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Archive for March 11th, 2006

Researchers To Study Effectiveness Of Stem Cell Transplant In Human Brain

Posted by tumicrobiology on March 11, 2006

Source: Oregon Health & Science University

Researchers in Doernbecher Children’s Hospital at Oregon Health & Science University will begin a Phase I clinical trial using stem cells in infants and children with a rare neurodegenerative disorder that affects infants and children. The groundbreaking trial will test whether HuCNS-SC(TM), a proprietary human central nervous stem cell product developed by StemCells, Inc. is safe, and whether it can slow the progression of two forms of neuronal ceroid lipofuscinosis (NCL), a devastating disease that is always fatal. NCL is part of a group of disorders often referred to as Batten disease.

“NCL is a heartbreaking and devastating diagnosis for children and their families,” said Robert D. Steiner, M.D., F.A.A.P., F.A.C.M.G., vice chairman of pediatric research, head of the Division of Metabolism and the study’s principal investigator at Doernbecher Children’s Hospital, OHSU. Steiner also is an associate professor of pediatrics, and molecular and medical genetics in the OHSU School of Medicine. “While the preclinical research in the laboratory and in animals is promising, it is important to note that this is a safety trial and, to our knowledge, purified neural stem cell transplantation has never been done before. It is our hope that stem cells will provide an important therapeutic advance for these children who have no other viable options.”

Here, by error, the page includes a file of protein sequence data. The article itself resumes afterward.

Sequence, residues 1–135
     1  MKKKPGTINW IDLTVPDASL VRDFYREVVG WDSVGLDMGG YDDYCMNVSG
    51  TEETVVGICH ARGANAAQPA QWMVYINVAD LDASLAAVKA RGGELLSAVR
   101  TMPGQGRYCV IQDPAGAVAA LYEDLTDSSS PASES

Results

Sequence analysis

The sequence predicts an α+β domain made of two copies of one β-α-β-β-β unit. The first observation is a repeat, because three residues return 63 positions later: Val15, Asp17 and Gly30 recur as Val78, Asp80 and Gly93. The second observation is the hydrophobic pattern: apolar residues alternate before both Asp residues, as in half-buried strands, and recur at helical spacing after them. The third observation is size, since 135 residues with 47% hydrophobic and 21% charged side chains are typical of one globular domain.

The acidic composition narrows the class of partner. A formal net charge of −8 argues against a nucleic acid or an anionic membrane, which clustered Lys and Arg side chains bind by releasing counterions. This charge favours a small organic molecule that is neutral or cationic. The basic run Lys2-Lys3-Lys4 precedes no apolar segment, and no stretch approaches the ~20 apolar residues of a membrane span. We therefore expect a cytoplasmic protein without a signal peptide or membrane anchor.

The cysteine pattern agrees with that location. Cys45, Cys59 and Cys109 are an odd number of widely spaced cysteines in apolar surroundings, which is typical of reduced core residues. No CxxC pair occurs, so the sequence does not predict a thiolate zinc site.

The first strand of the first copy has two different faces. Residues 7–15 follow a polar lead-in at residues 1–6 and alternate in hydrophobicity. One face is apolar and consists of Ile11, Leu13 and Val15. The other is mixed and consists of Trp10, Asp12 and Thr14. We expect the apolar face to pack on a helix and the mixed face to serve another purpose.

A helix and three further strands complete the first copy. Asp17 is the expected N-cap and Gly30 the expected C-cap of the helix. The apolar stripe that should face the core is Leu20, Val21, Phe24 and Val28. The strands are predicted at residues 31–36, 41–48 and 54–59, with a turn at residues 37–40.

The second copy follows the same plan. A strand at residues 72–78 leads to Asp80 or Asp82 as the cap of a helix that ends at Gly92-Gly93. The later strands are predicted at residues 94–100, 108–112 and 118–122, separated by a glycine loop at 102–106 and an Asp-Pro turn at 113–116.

NCL is caused by mutations or changes in the genes responsible for teaching the body how to make certain enzymes. Without these enzymes or proteins, material builds up inside brain neurons and other brain cells, causing a rapidly progressive decline in mental and motor function, blindness, seizures and early death. This study addresses two forms of NCL: infantile neuronal ceroid lipofuscinosis (INCL) and late-infantile neuronal ceroid lipofuscinosis (LINCL). Tragically, children with INCL typically die before age 5 and those with LINCL typically do not live past age 12.